As I have written about here before, last year, while I was spending multiple hours a week at the oncologist during my chemotherapy treatment for cancer, I bought myself a Mac Book Pro (MBP) laptop to keep me preoccupied. I have owned a variety of computers over the years and while I had used Macs a bit before, I had never owned one. Since then my Mac Book Pro has become my favorite machine to use (shhh don't tell my other computers or they may get jealous!).
Anyway, my MBP came pre loaded with Mac OS X 10.5 and I tried to always install OS updates as they came out, up to and including 10.5.8. This weekend I went own to the Apple store and paid my $29 for a copy of the new OS X 10.6 (Snow Leopard) release. I was a little nervous about doing this more major upgrade as I knew that most of the enhancements where not things you could easily spot in the user interface but were under the covers and I had heard of a few tools that I use regularly that had stopped working with 10.6. I went ahead anyway with the install. My summary so far is that things are going fairly well. The install (over the top of 10.5.8) went without a hitch. The machine seems a bit snappier now, definitely seems to come out of sleep faster and it uses a lot less disk space for OS components. I got well over 10gb back on my disk
The user interface geek in me was hoping to see a few more toys but as an old operating system guy myself I full appreciate what a task it is to do a migration such as the one I believe that took place to get 10.6 done. I remember way back in the early 1990's when we moved OS/2 from being a 16-bit operating system to being a fully 32-bit one. It is a non trivial job but at the time it enabled us to do a lot more with the OS. I hope that now that Snow Leopard is out we will see some new toys come along that exploit the 64-bit support..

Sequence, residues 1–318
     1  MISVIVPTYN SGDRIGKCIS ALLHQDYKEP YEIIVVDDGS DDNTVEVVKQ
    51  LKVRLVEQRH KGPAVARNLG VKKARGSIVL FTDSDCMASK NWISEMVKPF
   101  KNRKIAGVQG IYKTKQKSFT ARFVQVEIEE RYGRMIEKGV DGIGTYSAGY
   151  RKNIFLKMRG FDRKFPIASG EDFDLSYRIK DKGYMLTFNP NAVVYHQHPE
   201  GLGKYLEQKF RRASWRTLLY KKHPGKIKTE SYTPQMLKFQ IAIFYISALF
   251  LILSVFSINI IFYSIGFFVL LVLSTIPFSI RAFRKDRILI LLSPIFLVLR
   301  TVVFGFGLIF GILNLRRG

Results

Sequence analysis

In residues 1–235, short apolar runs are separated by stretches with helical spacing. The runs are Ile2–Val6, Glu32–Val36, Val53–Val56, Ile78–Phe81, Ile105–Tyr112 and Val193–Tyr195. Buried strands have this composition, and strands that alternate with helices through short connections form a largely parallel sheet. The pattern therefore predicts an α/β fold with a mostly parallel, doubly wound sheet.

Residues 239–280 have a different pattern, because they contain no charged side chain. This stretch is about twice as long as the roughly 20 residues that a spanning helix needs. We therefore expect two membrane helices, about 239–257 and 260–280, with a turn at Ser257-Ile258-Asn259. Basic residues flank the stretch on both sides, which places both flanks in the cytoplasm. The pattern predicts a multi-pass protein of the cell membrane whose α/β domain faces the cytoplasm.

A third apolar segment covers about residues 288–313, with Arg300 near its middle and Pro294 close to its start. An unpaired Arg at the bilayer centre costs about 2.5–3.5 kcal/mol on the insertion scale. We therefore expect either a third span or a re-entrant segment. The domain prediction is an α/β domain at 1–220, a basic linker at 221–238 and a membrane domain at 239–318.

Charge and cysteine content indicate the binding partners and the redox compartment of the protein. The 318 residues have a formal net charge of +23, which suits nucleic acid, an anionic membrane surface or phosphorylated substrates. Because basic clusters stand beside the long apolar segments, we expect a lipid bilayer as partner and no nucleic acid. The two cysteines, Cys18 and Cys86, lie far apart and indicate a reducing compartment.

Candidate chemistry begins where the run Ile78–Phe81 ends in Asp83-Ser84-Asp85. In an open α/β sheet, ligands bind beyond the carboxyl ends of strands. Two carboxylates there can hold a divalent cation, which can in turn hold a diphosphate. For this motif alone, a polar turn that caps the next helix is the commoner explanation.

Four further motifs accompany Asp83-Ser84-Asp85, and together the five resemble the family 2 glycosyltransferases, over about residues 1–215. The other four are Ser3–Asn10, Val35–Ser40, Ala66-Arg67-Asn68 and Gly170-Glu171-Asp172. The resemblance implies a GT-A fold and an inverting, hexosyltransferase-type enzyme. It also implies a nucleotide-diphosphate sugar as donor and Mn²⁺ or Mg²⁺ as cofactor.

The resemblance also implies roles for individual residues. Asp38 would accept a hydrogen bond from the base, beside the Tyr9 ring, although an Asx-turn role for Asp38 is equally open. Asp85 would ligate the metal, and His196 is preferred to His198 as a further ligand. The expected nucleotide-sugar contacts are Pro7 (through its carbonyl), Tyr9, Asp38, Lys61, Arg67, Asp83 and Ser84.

Some things did break though. The worst one was the VPN that I use to dial in to work but a new version was released within 24 hours and I am up and going again. Great work by the developers! The built in VPN support in 10.6 is also rather nice. Of the other things that broke, all of them were freeware or shareware tools and utilities developed by individuals and in each case the problems seem to be related to the 64-bit API changes in 10.6 The good news is that fixes are on the way from the folks who made the tools.
My next project is to make time one evening to update my XCode development environment and do some more coding.
None of the mainstream apps I use like browsers, office suites and programming tools seem to have any problems. I also use VMWare Fusion to run Windows and Linux virtual machines and that all seems to work fine still.
I'll post again as I get to know Snow Leopard better.